In Burma, shooting video, owning a video, speaking in a video, sharing a video, or even shouting out in glee after watching television, can earn you years in jail.
Today the Asian Human Rights Commission (AHRC) circulated an urgent action call for Ko Zaw Htay from Burma (Myanmar) - found guilty of giving out official secrets and sentenced to ten years in jail for allegedly arranging to film land where famers had lodged complaints about land confiscation by the military to the International Labour Organization (ILO), and for then sending this footage abroad. You can act on this call at: http://www.ahrchk.net/ua/
Of course, the video footage we're most familiar with from Burma over the last few years has been the footage courageously shot by people inside Burma of the 'Saffron Revolution' movement of autumn 2007 when the people of Burma rose up in mass, peaceful protests against the military regime that has ruled Burma for the past two decades. And a film that has just won a big prize at Sundance, Burma VJ, takes us inside how this footage was shot - I'll be looking out for it (it opens in the US in May). You can read more about it on the film's website.
Less well-known is how the military government in Burma systematically hunted down the people filmed and the people who filmed and distributed the material. Over 1,000 people were arrested last year, and many of them have received sentences of up to sixty-five years: you can learn more about their situation on the website of the Assistance Association for Political Prisoners (AAPP, Burma). And the setting of examples continued after ther protests. For example, one blogger - Nay Phone Latt - was sentenced to twenty years in jail including fifteen years for offenses under the Electronics Act, two years for creating "public alarm" and three and a half years for offenses under the Video Act.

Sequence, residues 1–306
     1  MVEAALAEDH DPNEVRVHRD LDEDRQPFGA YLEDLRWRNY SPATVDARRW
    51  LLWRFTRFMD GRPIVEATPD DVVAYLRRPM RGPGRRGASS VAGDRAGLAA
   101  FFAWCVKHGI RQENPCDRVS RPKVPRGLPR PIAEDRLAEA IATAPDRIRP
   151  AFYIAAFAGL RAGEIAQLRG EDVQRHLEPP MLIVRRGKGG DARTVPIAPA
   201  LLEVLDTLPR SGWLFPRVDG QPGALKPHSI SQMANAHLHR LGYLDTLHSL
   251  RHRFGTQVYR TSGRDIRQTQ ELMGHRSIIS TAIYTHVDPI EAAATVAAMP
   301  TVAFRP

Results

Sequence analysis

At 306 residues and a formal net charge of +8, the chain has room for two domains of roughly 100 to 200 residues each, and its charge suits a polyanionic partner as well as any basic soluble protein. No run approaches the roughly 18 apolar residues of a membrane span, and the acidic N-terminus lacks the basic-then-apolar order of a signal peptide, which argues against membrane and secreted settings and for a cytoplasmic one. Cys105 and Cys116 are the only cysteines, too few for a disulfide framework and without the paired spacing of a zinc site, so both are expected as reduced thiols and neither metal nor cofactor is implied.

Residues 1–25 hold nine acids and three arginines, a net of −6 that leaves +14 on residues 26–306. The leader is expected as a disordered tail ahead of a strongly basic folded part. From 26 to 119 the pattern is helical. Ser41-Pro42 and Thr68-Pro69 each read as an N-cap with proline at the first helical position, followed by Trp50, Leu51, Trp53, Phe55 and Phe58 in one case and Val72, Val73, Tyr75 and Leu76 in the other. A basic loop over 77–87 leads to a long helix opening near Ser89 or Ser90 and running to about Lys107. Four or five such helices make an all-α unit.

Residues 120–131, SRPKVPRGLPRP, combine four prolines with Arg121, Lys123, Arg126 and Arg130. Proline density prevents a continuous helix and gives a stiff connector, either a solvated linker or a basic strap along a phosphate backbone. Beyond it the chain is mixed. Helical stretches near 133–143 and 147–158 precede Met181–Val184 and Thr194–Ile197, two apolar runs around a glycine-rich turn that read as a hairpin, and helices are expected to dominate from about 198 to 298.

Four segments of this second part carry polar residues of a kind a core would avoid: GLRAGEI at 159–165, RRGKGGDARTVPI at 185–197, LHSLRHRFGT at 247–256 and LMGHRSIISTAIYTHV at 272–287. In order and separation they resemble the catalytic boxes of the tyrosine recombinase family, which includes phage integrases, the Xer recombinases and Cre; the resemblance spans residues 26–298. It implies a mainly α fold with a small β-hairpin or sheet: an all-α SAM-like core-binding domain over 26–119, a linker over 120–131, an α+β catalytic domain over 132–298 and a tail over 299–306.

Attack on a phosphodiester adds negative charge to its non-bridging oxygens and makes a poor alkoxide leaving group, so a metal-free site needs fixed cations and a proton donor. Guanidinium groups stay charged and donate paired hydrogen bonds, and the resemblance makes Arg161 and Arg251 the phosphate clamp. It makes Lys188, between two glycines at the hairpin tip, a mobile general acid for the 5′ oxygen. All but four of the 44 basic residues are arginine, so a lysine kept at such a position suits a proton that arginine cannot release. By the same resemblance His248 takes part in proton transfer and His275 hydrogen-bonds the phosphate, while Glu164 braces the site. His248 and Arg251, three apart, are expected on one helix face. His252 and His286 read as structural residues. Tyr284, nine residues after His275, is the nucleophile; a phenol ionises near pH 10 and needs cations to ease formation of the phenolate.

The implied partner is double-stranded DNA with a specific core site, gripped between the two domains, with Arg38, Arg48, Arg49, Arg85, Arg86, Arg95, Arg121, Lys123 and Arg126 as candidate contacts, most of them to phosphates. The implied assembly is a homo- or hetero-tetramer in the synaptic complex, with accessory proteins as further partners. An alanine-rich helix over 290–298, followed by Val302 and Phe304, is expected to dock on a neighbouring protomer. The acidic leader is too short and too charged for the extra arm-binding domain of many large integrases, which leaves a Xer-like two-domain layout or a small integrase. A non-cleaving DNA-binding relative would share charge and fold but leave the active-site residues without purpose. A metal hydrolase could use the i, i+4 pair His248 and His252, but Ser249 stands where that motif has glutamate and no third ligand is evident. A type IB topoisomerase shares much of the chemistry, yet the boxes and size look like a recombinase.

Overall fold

A little background on these laws... the 'Electronic Transactions Law' provides for up to fifteen years in prison for anyone who uses the internet to distribute information that is 'detrimental to the interest of or that lowers the dignity of any organization or any person', while the Video Act carries penalties of up to three years for - amongst other crimes - 'copying, distributing, hiring or exhibiting video tape that has no video censor certificate' as part of its purpose to 'cause the emergence of video tapes which will contribute towards national solidarity and dynamism of patriotic spirit... and prohibit and ban decadent video tapes which will undermine Myanmar culture and Myanmar tradition". Needless to say, the definitions here are sufficiently broad to allow the Burma regime to use them wherever it needs to.
And Zarganar, one of Burma's best-known comedians was sentenced to forty-five years in jail in November 2008, including fifteen years for violations of the Electronics Act when he spoke to foreign news organizations, expressing criticism about the governments's slow response to Cyclone Nargis.
But it's not just filming or being filmed, or being at the center of international attention, that puts someone at risk.